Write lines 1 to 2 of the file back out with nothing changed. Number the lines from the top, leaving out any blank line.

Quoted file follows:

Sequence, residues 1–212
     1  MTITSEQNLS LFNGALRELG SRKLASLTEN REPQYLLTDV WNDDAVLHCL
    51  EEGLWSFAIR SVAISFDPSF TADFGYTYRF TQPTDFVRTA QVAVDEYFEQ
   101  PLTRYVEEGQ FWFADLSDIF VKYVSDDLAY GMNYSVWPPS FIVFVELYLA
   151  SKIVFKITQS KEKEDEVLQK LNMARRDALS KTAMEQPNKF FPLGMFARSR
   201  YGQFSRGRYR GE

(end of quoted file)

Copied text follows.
Sequence, residues 1–212
     1  MTITSEQNLS LFNGALRELG SRKLASLTEN REPQYLLTDV WNDDAVLHCL